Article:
While these numbers represent institutional origins, the data available does not allow any further diving into birth countries, native language, ethnic identities, etc. The 2013-2015 dataset, including peer review information, does yield some insight into geography-influenced biases that may map to language or identity. While the peer review data do not show any clear bias by institutional country, there is a very clear bias against names which do not appear frequently in the U.S. Census or Social Security Index. We discovered this when attempting to statistically infer the gender of authors using these U.S.-based indices. 11 From 2013-2015, presentations written by those with names appearing frequently in these indices were significantly more likely to be accepted than those written by authors with non-English names (p < 0.0001). Whereas approximately 72% of authors with common U.S. names passed peer review, only 61% of authors with uncommon names passed. Without more data, we have no idea whether this tremendous disparity is due to a bias against popular topics from non-English-speaking countries, a higher likelihood of peer reviewers rejecting text written by non-native writers, an implicit bias by peer reviewers when they see “foreign” names, or something else entirely.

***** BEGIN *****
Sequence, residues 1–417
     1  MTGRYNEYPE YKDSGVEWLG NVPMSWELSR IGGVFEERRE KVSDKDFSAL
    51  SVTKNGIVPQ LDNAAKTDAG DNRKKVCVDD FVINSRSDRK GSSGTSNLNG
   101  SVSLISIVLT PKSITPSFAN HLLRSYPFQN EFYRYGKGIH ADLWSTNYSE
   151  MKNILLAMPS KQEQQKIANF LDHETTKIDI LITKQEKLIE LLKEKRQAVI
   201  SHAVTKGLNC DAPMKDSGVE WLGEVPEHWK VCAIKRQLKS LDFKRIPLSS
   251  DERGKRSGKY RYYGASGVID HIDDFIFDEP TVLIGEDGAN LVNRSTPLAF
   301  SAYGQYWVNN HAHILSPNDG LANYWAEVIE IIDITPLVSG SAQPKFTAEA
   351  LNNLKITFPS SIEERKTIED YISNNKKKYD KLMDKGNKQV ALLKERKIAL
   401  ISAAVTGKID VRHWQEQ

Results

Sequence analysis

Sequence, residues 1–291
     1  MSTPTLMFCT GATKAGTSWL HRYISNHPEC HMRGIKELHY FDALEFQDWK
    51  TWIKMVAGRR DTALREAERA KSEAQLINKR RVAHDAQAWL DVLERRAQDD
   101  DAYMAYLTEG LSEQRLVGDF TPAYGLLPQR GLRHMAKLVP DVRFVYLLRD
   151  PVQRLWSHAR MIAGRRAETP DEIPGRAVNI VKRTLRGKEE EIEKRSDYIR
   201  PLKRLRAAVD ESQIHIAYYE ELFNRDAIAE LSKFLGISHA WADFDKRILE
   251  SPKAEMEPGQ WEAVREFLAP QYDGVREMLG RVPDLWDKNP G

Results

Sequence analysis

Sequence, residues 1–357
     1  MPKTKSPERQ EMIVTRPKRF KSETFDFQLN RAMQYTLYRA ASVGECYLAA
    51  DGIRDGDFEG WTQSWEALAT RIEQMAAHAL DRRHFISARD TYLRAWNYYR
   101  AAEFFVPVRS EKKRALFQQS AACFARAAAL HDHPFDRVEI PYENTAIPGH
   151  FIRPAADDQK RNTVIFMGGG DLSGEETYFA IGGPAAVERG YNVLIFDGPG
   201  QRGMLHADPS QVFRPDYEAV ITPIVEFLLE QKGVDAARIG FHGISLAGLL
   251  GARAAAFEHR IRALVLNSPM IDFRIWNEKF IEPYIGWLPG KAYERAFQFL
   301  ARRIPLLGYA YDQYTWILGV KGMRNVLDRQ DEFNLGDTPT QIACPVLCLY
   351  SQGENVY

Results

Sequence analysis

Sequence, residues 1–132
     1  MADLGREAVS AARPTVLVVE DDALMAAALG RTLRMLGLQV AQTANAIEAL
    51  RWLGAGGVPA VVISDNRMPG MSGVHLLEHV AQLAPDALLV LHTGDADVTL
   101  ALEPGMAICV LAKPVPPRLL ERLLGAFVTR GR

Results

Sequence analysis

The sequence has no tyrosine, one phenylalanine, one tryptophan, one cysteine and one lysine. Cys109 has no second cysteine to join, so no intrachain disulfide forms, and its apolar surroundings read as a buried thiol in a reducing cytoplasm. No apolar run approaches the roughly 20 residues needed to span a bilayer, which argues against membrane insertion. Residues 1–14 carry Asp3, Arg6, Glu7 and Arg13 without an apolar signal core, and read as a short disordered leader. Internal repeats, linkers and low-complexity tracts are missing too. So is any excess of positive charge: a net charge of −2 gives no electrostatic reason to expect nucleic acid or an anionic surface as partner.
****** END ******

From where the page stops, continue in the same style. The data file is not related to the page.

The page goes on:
When submitting a presentation, authors are given the opportunity to provide keywords for their submission. Some keywords can be chosen freely, while others must be chosen from a controlled list of about 100 potential topics. These controlled keywords are used to help in the process of conference organization and peer reviewer selection, and they stay roughly constant every year. New keywords are occasionally added to the list, as in 2016, where authors can now select three topics which were not previously available: “Digital Humanities – Diversity”, “Digital Humanities – Multilinguality”, and “3D Printing”. The 2000-2015 conference dataset does not include keywords for every article, so this analysis will only cover the more detailed dataset, 2013-2015, with additional data on submissions for DH2016.